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Breast Cancer Study Suggests New Uses for Old Drugs
The largest analysis of breast cancer cell function to date has suggested dozens of new uses for existing drugs, new targets for drug discovery, and new drug combinations. The results of the study, which was conducted by researchers in New York City and Toronto, were published online in Cell.
“This study represents the largest survey yet of how the genetic changes in breast cancer cells interfere with pathways critical to their growth and survival, pathways that might be targeted by combinations of new or existing drugs,” said lead author Benjamin Neel, MD, PhD, director of New York University’s Perlmutter Cancer Center.
The researchers performed RNA screens on 77 breast cancer cell lines, a large enough sample to represent the many subtypes of the disease. The team then applied their newly designed statistical technique, the si/shRNA mixed-effect model (siMEM), to identify candidate genes most vital to cancer growth. They also compared their results against information in large databases on cancer genetics, protein interactions, and genetic changes seen in cancer cells when drugs are effective or not.
New and potentially “druggable” targets identified for triple-negative breast cancer, the most deadly form of the disease, included signaling proteins linked by past studies to brain tumors (EFNB3 and EPHA4), proteins that regulate cell-growth pathways (MAP2K4 and MAPK13), and a protein known to drive inflammation (interleukin 32).
The new data also identified dozens of potential drug combinations for the treatment of breast cancer subtypes, including RAF/MEK protein and cyclin-dependent kinase 4 (CDK4) inhibitors; epidermal growth factor receptor (EGFR) inhibitors and bromodomain and extra terminal domain (BET) inhibitors with epirubicin and vinorelbine; and polo-like kinase-1 (PLK1) inhibitors with AKT protein inhibitors.
While the researchers’ new statistical algorithm suggested pathways for further study in every breast cancer subtype, the team chose one for additional analysis to demonstrate the potential of their work to guide further research. Additional experiments validated BRD4 as a gene essential to the survival of most luminal/human epidermal growth factor receptor-2 (HER2)-positive cancer cells, as well as a subset of triple-negative breast cancer cells.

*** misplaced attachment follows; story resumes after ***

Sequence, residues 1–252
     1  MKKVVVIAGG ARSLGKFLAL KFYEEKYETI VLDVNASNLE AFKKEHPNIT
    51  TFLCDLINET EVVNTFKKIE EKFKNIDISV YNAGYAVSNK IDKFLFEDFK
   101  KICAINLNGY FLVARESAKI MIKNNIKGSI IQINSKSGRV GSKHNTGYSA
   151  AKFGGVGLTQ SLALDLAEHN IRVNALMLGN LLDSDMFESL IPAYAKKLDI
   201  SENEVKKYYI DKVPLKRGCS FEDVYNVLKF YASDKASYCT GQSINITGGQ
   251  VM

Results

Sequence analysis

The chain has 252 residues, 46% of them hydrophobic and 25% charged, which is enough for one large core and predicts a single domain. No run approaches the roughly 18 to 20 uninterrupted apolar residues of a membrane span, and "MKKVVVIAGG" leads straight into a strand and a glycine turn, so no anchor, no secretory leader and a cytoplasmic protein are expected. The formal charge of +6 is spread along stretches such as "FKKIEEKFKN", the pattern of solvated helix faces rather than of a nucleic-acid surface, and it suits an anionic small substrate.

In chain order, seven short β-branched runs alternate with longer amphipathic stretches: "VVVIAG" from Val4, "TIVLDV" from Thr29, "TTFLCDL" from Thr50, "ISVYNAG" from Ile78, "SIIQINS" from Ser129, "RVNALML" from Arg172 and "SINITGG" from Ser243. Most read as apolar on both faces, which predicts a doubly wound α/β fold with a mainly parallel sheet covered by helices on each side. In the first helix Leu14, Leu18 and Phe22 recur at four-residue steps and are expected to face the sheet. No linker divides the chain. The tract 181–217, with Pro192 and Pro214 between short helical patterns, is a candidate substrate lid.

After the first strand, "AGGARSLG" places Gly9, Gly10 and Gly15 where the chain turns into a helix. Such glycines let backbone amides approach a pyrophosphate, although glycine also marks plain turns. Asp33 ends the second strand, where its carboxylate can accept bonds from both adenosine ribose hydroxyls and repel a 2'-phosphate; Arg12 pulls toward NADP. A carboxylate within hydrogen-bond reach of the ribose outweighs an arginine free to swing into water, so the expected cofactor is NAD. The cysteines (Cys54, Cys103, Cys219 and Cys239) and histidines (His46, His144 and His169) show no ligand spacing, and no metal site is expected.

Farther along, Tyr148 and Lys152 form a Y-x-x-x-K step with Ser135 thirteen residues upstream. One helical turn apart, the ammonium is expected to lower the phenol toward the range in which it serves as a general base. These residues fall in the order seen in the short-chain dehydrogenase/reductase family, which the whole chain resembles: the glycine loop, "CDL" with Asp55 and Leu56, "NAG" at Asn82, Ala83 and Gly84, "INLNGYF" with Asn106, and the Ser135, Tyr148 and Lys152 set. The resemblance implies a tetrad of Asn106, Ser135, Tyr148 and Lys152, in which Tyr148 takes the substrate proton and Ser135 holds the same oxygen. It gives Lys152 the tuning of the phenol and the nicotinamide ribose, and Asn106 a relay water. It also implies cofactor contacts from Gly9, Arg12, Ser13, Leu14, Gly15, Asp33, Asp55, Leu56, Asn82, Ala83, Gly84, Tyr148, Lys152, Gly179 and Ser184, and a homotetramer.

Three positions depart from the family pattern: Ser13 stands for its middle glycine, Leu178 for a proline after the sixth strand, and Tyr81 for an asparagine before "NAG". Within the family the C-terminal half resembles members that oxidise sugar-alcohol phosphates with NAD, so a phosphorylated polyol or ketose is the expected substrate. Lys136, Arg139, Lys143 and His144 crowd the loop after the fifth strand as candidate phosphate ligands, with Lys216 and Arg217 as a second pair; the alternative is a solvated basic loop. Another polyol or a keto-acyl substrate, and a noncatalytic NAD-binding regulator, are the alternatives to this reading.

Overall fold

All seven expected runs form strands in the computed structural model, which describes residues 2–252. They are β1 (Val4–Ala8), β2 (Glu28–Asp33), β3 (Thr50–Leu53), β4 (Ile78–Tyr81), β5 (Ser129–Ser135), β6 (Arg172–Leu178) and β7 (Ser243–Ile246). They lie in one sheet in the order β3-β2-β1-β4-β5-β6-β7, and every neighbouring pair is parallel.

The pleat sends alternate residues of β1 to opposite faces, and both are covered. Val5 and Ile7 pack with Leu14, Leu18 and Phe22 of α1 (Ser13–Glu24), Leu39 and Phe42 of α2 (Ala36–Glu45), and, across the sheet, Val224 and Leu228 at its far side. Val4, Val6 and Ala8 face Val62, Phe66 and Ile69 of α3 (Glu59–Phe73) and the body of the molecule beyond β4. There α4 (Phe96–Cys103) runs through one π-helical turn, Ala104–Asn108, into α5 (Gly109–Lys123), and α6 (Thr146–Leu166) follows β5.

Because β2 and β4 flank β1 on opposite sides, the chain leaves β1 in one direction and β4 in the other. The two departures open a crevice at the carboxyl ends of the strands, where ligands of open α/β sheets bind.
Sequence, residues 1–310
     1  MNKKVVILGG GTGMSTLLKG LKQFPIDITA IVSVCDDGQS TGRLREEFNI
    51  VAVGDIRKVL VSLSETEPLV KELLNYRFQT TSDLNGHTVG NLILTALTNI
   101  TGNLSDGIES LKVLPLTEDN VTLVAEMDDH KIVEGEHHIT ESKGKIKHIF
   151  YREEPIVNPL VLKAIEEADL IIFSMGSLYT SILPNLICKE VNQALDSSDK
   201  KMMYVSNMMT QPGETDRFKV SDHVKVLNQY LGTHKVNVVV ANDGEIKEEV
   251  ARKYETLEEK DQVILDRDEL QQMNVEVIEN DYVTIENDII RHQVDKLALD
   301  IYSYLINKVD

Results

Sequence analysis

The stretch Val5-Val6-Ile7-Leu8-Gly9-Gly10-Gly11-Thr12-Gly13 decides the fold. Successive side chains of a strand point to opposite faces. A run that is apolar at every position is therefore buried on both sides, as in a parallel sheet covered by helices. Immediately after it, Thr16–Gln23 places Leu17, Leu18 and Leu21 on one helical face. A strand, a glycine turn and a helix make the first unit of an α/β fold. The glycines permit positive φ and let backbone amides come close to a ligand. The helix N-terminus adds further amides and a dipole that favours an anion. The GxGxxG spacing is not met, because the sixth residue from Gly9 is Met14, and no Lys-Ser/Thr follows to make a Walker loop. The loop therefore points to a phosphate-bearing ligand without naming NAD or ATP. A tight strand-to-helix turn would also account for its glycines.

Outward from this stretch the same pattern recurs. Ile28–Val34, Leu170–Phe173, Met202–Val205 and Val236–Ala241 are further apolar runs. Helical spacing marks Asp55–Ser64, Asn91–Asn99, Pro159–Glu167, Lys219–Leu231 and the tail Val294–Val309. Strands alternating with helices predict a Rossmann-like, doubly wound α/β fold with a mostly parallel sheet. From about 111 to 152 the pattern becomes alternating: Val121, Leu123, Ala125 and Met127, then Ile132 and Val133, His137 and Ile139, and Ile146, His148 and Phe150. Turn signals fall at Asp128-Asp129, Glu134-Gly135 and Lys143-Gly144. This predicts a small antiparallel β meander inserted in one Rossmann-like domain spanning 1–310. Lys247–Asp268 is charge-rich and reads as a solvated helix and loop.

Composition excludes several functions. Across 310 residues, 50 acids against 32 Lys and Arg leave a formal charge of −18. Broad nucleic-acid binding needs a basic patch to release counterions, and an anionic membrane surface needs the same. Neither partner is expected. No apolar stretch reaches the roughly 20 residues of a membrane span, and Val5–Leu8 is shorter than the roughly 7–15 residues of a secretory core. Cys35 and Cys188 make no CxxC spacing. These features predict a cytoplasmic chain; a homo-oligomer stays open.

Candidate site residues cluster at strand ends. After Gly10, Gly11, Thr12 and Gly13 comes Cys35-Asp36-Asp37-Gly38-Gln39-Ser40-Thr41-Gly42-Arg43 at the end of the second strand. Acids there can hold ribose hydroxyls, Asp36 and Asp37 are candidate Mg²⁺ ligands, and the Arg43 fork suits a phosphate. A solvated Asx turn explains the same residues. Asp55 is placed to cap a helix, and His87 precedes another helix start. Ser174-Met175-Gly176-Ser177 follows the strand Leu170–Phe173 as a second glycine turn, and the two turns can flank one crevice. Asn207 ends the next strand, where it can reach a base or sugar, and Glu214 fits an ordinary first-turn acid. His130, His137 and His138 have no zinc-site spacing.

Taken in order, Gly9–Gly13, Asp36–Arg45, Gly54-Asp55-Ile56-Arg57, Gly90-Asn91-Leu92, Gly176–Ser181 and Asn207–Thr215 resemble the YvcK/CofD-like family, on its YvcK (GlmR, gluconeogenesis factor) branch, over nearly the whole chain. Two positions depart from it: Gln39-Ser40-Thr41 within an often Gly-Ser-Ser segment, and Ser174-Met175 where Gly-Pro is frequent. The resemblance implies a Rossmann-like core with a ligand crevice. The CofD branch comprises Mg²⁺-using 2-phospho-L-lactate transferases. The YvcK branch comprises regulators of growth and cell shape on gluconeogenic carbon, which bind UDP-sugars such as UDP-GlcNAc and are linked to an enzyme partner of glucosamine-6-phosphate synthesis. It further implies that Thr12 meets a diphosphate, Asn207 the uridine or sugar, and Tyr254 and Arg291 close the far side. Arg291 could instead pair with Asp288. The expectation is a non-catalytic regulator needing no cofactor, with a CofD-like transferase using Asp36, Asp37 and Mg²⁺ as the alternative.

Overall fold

BRD4 is a member of the BET family, which helps regulate many genes important for cell growth, and is the target of BET inhibitors, currently in clinical trials for leukemia. The study results suggested that BET inhibitors might also be useful for some types of breast cancer; that resistance to these drugs may be influenced by mutations in the gene for the enzyme phosphatidylinositol 3-kinase; and that this resistance might be countered by combining BET inhibitors with everolimus (Afinitor, Novartis).
“Very few patients today get a whole genome sequence analysis done on their cancer cells, and the few that do typically receive little medical benefit from the results,” Neel said. “The ultimate goal of researchers worldwide is to finally understand each cancer cell’s wiring diagram well enough to clarify both the molecular targets against which therapeutics should be developed and the patient groups most likely to respond to any treatment.”
Source: NYU Langone Medical Center; January 14, 2016.